PART II. The Country of the Saints.
5. CHAPTER V. THE AVENGING ANGELS.
Many a man, however vindictive, would have abandoned all
thought of revenge in the face of such a difficulty, but
Jefferson Hope never faltered for a moment. With the small
competence he possessed, eked out by such employment as he
could pick up, he travelled from town to town through the
United States in quest of his enemies. Year passed into
year, his black hair turned grizzled, but still he wandered
on, a human bloodhound, with his mind wholly set upon the one
object upon which he had devoted his life. At last his
perseverance was rewarded. It was but a glance of a face in
a window, but that one glance told him that Cleveland in Ohio
possessed the men whom he was in pursuit of. He returned to
his miserable lodgings with his plan of vengeance all
arranged. It chanced, however, that Drebber, looking from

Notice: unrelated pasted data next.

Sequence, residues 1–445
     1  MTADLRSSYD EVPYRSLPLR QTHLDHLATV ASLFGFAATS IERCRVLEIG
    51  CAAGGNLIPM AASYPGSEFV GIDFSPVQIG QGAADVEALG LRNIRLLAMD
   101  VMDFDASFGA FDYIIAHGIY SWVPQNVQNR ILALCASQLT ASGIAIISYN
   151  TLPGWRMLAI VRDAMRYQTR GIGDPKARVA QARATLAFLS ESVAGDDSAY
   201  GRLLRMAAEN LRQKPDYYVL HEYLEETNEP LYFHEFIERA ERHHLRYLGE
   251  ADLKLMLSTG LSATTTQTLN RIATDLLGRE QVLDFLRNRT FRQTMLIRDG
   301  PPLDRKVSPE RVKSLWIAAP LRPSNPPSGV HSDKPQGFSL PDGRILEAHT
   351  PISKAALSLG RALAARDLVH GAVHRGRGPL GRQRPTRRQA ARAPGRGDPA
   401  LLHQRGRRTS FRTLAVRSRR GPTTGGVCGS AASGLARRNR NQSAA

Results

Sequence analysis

his window, had recognized the vagrant in the street, and had
read murder in his eyes. He hurried before a justice of the
peace, accompanied by Stangerson, who had become his private
secretary, and represented to him that they were in danger of
their lives from the jealousy and hatred of an old rival.
That evening Jefferson Hope was taken into custody, and not
being able to find sureties, was detained for some weeks.
When at last he was liberated, it was only to find that
Drebber's house was deserted, and that he and his secretary
had departed for Europe.
Again the avenger had been foiled, and again his concentrated
hatred urged him to continue the pursuit. Funds were
wanting, however, and for some time he had to return to work,
saving every dollar for his approaching journey. At last,
having collected enough to keep life in him, he departed for
Europe, and tracked his enemies from city to city, working
his way in any menial capacity, but never overtaking the
fugitives. When he reached St. Petersburg they had departed
for Paris; and when he followed them there he learned that
they had just set off for Copenhagen. At the Danish capital
he was again a few days late, for they had journeyed on to
London, where he at last succeeded in running them to earth.
As to what occurred there, we cannot do better than quote the
old hunter's own account, as duly recorded in Dr. Watson's
Journal, to which we are already under such obligations.